"But Mommy ... remember what the doctor said about Daddy's heart being bad? He might get a heart 'tack. And then I could go visit him at the cemetery, and love him, and make him forget all about the bad in his heart and forget about wanting to be with that lady he went away with."

She stared down at her feet. "I -- I know it's my fault he went away. I wasn't good enough. If I'd been good, he wouldn't have wanted to go away. But if I love him enough when they've put him in the ground, he'll forget everything but us and come back and we can be happy."

The little girl's eyes were pleading. Despite the abject horror that sat in the pit of her stomach like a cinderblock, Elissa thought her heart was going to break. She took Melanie's chicken-sticky hand, drew her close and gave her a hug.

"Honey, I know you were just trying to help. I know you just wanted to make everyone happy. But this -- this isn't right. It goes against what God tells us. God didn't mean for things to live on after they've died. He meant for their souls to go to Heaven. We all have to try to do what God wants, Melanie."

She gently kissed her daughter's forehead. "Honey, can you put them back like they were?"

"I think so, but --"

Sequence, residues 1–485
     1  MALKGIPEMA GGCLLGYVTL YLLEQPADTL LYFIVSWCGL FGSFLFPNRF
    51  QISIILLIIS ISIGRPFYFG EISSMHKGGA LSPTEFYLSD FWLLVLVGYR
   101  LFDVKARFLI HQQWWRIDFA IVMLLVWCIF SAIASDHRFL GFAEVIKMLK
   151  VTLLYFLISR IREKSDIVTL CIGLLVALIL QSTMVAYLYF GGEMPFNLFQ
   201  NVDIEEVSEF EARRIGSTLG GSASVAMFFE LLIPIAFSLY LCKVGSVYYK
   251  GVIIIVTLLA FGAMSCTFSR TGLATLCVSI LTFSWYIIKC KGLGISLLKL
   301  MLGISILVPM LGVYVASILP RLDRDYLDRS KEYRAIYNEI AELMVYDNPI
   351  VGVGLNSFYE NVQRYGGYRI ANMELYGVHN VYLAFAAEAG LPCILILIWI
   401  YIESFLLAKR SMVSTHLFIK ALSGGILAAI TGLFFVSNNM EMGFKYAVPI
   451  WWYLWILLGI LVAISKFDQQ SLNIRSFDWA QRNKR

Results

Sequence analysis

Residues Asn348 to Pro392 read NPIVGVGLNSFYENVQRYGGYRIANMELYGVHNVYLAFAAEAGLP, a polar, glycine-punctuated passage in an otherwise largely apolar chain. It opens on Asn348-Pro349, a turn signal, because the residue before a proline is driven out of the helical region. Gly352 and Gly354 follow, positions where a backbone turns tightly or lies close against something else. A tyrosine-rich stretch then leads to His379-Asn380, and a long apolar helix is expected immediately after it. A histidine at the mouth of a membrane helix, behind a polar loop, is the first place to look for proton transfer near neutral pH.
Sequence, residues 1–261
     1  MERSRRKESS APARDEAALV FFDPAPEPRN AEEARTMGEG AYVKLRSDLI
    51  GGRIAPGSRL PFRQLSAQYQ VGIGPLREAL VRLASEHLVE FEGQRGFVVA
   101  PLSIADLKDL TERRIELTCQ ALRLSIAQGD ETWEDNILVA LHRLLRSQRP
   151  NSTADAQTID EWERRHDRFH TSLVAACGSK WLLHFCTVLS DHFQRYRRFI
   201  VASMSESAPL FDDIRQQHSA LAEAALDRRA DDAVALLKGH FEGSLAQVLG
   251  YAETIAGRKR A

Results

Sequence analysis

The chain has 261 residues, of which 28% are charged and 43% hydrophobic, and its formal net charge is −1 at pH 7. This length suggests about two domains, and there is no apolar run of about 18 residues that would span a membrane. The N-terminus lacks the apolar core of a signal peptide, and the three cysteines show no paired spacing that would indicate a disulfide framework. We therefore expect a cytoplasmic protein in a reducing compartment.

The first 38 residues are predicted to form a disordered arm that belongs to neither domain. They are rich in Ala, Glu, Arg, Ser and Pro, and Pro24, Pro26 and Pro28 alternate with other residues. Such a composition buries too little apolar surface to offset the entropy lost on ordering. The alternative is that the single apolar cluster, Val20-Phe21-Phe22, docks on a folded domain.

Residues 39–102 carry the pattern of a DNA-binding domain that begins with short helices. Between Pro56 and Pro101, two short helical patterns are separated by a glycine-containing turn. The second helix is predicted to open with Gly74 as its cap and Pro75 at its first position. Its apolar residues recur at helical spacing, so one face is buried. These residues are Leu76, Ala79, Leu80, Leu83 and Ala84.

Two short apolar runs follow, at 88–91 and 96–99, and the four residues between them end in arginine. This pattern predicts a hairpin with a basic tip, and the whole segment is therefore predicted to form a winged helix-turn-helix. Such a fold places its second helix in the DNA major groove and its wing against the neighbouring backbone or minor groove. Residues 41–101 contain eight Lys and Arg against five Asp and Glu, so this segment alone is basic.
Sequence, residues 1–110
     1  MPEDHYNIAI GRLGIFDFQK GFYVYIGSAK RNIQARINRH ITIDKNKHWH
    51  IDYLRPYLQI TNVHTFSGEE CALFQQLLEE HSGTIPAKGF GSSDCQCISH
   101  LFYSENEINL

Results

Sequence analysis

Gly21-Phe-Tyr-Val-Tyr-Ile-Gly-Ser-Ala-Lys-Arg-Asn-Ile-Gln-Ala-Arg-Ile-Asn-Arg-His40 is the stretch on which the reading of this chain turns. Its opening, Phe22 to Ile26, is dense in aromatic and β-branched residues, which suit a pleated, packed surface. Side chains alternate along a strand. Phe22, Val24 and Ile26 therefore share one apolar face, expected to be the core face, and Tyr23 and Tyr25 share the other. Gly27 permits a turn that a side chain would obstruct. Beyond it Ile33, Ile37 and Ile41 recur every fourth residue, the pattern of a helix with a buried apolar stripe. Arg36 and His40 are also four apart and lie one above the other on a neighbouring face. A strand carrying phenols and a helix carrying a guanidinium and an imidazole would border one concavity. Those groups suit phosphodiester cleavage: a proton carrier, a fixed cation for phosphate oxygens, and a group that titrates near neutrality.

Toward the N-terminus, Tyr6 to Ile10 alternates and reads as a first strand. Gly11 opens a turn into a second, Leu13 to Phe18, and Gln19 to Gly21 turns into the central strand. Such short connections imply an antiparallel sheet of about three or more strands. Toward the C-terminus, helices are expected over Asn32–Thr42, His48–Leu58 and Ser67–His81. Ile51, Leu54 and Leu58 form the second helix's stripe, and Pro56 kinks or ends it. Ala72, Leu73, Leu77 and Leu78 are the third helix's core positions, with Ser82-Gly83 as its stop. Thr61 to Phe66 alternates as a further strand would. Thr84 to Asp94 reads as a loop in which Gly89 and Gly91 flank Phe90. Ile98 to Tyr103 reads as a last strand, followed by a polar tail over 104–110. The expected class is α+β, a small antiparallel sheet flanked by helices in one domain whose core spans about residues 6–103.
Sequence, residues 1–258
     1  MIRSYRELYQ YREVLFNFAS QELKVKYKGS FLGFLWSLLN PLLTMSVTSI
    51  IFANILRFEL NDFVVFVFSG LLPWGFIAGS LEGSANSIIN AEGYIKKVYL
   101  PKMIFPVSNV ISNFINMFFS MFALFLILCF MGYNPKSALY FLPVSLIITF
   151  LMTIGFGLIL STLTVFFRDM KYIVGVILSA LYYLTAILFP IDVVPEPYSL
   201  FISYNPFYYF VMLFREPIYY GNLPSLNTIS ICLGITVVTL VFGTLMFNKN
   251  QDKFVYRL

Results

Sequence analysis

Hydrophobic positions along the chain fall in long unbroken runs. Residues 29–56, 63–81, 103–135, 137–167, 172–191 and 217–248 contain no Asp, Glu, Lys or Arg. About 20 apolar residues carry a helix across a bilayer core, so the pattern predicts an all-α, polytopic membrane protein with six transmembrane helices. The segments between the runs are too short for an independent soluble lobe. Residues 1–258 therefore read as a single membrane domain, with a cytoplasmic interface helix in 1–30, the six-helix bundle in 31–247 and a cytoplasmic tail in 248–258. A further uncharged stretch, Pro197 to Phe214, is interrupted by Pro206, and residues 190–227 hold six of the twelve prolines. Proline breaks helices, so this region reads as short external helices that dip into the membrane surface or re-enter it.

"No 'buts', Honey, dead things have to stay dead. It's God's will."

Tears spilled down the little girl's cheeks. "All right, Mommy. I can make everyone remember the hurt. Their souls will go away again."

Melanie closed her eyes.

And Elissa remembered her hurt.

Her mind was suddenly flooded with the memory of her last conversation with her husband. She'd called him right after his lawyer had served her the divorce papers; it would be three more weeks before Corky got run over.

"Why are you doing this to me?" she'd asked him, her tone pleading, accusing.

"The marriage was a mistake, and you know it." Ed's tone was cold, so unlike the voice of the man she loved. The man she'd thought she'd married. "I never wanted a kid. Hell, she doesn't even look like me."

"What are you saying?" Her voice flared bright with anger. "You got a lot of nerve suggesting that, after going off with that little whore of yours. I've always been faithful to you, and Melanie is very much your daughter." She stopped, trying to sound less angry, less accusing. "She's your daughter, and she loves you. She needs you. Don't do this to her."

"I'll send the child support checks. Don't expect anything else. And stop phoning me. If you want to tell me something, talk to my lawyer."

The line went dead. Elissa sat there clutching the phone to her breast, tears stinging in her eyes. Her body ached to feel Ed's caress, to feel his body breathing next to hers, the rise and fall of his chest like the gentle swell of the ocean waves.

But Elissa was just so much unwanted furniture to him, an expense to be paid off and forgotten like a parking ticket. He didn't even want his own daughter. And yet she couldn't stop loving him, couldn't stop wanting him, would crawl naked over broken glass if only he'd just come back and love her, just a little.